By this time Carter had his girlfriend in the person of Andrea and I had met her once or twice. She was of medium height, had long fair hair, and was thin rather than slim. Her face was quite pale and drawn, probably because she ate little and was on drugs. Whether she was estranged from her upper-middle-class family in the way that Samantha was I never knew, though I gathered that her grandfather was a dignitary in the Church of England. At times she seemed small, pathetic, and waif-like and I imagine that this was one of the things that had drawn kind-hearted Carter to her, for as the poet says ‘Pity melts the mind to Love’. Andrea had an upstairs room in a house not far from where I lived, so that it was easy for Carter to come and go between us. Sometimes he spent the night with me, sometimes with Andrea. Although he had originally wanted a girlfriend who would go out and about with him, Andrea must have been a disappointment in this respect. She spent most of her time in her room smoking, so if Carter wanted to go out with someone he sometimes had to fall back on me. I would call on him at Andrea’s place where more often than not I found both of them in bed despite the lateness of the hour. After the three of us had chatted for a while, Carter would dress and we would go out together. On one of my visits I found that Carter had covered a large sheet of paper with doodles executed in pencils or crayons of various colours. The effect was bright and positive and I thought it reflected the state of Carter’s mind at the time. He was happy. He was happy because he had Andrea and he had me. On one of the rare occasions when the three of us went for a walk on Hampstead Heath together he put an arm round each of us and declared that it was the happiest time of his life, for he had with him the two people whom he loved best in the world.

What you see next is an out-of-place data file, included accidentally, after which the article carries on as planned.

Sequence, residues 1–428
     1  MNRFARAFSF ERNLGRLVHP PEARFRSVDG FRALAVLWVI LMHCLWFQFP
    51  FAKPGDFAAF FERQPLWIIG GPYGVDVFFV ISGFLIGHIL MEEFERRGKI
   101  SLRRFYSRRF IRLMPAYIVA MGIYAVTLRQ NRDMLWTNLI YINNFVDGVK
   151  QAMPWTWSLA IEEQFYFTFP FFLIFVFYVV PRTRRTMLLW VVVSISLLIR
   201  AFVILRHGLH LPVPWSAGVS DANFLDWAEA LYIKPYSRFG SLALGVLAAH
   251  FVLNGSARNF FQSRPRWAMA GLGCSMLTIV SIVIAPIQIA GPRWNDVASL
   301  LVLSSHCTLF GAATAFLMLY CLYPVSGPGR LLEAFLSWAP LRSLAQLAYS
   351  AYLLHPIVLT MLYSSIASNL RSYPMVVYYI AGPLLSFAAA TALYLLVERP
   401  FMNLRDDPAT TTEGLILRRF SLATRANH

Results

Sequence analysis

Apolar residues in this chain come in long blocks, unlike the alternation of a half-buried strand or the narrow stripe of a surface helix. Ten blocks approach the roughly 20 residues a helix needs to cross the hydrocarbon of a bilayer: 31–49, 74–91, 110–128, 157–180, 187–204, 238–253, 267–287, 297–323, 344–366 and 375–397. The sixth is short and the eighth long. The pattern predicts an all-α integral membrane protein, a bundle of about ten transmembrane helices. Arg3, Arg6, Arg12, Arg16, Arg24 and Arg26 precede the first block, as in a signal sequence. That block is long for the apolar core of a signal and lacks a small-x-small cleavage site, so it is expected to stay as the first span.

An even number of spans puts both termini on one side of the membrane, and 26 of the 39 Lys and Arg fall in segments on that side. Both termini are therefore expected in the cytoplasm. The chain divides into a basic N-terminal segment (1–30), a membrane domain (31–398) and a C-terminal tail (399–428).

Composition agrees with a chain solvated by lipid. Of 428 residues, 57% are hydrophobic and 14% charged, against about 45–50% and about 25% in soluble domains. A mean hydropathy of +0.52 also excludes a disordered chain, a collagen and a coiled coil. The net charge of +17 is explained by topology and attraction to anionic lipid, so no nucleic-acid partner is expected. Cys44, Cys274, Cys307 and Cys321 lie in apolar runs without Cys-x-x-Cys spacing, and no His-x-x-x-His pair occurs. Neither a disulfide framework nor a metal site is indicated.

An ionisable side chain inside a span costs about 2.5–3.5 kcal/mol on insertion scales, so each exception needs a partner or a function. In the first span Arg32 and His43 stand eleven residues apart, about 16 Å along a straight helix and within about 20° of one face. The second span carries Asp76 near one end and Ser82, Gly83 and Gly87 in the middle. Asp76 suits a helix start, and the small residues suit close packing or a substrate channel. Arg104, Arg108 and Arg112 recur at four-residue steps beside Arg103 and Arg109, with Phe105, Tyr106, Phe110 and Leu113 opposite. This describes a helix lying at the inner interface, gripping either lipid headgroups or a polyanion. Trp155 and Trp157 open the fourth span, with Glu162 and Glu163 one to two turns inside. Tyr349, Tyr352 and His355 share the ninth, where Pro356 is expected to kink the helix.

This idyllic state of affairs did not last. As the weeks went by, I noticed that, in Carter’s case, just as pity had melted into love so love had developed into infatuation. With Andrea there was a similar transition. In her case, infatuation had developed into possessiveness and jealousy. Two of my memories at the time illustrate what was going on. We had booked seats for a play at the Aldwych and we were making our way to the tube station. We walked together, but every ten or fifteen yards Carter and Andrea would stop for prolonged smooching, as though they could hardly get enough of each other. This delayed our arrival at the theatre, where we found we had the wrong tickets. The scene of my other memory was the Highgate West Hill flat. Carter had come to see me with Andrea. He came upstairs as usual, but she remained obstinately down in the hallway so that Carter could spend only a few minutes with me, as no doubt was her intention. On leaving me, Carter put his arms round me and gave me a big hug and I noticed that he had an erection. He noticed it too, and we both laughed. Carter eventually realized that all was not well as regards Andrea’s attitude to me. I was quite happy that he should sleep with Andrea, but Andrea was not happy that he should sleep with me or see very much of me. One day Carter suggested that the three of us should spend a week together on holiday. Though he did not say so, I knew that he hoped that this would bind the three of us more closely together and help Andrea develop a more positive attitude towards me. I was sceptical, and told Carter that I did not think his scheme would work. I could see that Andrea was implacable in her dislike of me and that we would never be friends. Nonetheless, I allowed Carter to persuade me and agreed to take part in the experiment.